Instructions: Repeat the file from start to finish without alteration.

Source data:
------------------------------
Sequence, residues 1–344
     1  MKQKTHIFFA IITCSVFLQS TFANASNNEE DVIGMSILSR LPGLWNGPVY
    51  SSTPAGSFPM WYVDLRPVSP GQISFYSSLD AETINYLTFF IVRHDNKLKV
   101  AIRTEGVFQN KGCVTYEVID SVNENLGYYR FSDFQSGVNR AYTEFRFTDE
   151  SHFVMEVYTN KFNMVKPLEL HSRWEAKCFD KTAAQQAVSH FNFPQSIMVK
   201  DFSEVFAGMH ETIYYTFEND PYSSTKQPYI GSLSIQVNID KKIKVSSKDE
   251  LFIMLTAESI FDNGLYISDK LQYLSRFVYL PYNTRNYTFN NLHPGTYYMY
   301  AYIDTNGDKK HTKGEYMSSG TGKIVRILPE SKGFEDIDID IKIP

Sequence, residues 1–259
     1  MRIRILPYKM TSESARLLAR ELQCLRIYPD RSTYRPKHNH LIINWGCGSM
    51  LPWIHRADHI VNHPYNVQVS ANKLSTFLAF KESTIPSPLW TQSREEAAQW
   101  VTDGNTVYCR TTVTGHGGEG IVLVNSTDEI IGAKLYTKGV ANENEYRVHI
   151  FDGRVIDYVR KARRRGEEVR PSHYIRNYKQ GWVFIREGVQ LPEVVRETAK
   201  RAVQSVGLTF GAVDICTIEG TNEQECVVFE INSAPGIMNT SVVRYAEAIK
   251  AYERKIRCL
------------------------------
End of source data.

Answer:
Sequence, residues 1–344
     1  MKQKTHIFFA IITCSVFLQS TFANASNNEE DVIGMSILSR LPGLWNGPVY
    51  SSTPAGSFPM WYVDLRPVSP GQISFYSSLD AETINYLTFF IVRHDNKLKV
   101  AIRTEGVFQN KGCVTYEVID SVNENLGYYR FSDFQSGVNR AYTEFRFTDE
   151  SHFVMEVYTN KFNMVKPLEL HSRWEAKCFD KTAAQQAVSH FNFPQSIMVK
   201  DFSEVFAGMH ETIYYTFEND PYSSTKQPYI GSLSIQVNID KKIKVSSKDE
   251  LFIMLTAESI FDNGLYISDK LQYLSRFVYL PYNTRNYTFN NLHPGTYYMY
   301  AYIDTNGDKK HTKGEYMSSG TGKIVRILPE SKGFEDIDID IKIP

Sequence, residues 1–259
     1  MRIRILPYKM TSESARLLAR ELQCLRIYPD RSTYRPKHNH LIINWGCGSM
    51  LPWIHRADHI VNHPYNVQVS ANKLSTFLAF KESTIPSPLW TQSREEAAQW
   101  VTDGNTVYCR TTVTGHGGEG IVLVNSTDEI IGAKLYTKGV ANENEYRVHI
   151  FDGRVIDYVR KARRRGEEVR PSHYIRNYKQ GWVFIREGVQ LPEVVRETAK
   201  RAVQSVGLTF GAVDICTIEG TNEQECVVFE INSAPGIMNT SVVRYAEAIK
   251  AYERKIRCL